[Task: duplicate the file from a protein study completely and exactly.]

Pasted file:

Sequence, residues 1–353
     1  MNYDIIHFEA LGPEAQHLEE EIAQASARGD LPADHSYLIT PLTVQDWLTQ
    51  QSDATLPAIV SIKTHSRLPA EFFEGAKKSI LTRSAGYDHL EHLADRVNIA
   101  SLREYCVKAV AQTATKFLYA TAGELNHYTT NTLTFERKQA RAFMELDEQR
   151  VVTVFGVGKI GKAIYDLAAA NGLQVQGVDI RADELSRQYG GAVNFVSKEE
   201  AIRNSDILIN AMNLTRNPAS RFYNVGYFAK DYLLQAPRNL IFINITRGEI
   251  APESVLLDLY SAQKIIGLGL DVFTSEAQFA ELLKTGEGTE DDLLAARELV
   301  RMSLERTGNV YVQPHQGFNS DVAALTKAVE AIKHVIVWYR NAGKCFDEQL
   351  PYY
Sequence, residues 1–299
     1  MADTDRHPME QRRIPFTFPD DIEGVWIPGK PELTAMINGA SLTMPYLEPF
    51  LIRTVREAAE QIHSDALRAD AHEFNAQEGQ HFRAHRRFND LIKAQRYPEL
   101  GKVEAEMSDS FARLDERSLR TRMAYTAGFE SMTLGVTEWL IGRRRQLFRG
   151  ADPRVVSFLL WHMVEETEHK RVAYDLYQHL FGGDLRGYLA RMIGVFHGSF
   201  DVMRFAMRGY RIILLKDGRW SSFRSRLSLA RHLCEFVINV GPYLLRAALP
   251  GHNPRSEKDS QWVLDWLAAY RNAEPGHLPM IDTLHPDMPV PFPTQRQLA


Sequence, residues 1–353
     1  MNYDIIHFEA LGPEAQHLEE EIAQASARGD LPADHSYLIT PLTVQDWLTQ
    51  QSDATLPAIV SIKTHSRLPA EFFEGAKKSI LTRSAGYDHL EHLADRVNIA
   101  SLREYCVKAV AQTATKFLYA TAGELNHYTT NTLTFERKQA RAFMELDEQR
   151  VVTVFGVGKI GKAIYDLAAA NGLQVQGVDI RADELSRQYG GAVNFVSKEE
   201  AIRNSDILIN AMNLTRNPAS RFYNVGYFAK DYLLQAPRNL IFINITRGEI
   251  APESVLLDLY SAQKIIGLGL DVFTSEAQFA ELLKTGEGTE DDLLAARELV
   301  RMSLERTGNV YVQPHQGFNS DVAALTKAVE AIKHVIVWYR NAGKCFDEQL
   351  PYY
Sequence, residues 1–299
     1  MADTDRHPME QRRIPFTFPD DIEGVWIPGK PELTAMINGA SLTMPYLEPF
    51  LIRTVREAAE QIHSDALRAD AHEFNAQEGQ HFRAHRRFND LIKAQRYPEL
   101  GKVEAEMSDS FARLDERSLR TRMAYTAGFE SMTLGVTEWL IGRRRQLFRG
   151  ADPRVVSFLL WHMVEETEHK RVAYDLYQHL FGGDLRGYLA RMIGVFHGSF
   201  DVMRFAMRGY RIILLKDGRW SSFRSRLSLA RHLCEFVINV GPYLLRAALP
   251  GHNPRSEKDS QWVLDWLAAY RNAEPGHLPM IDTLHPDMPV PFPTQRQLA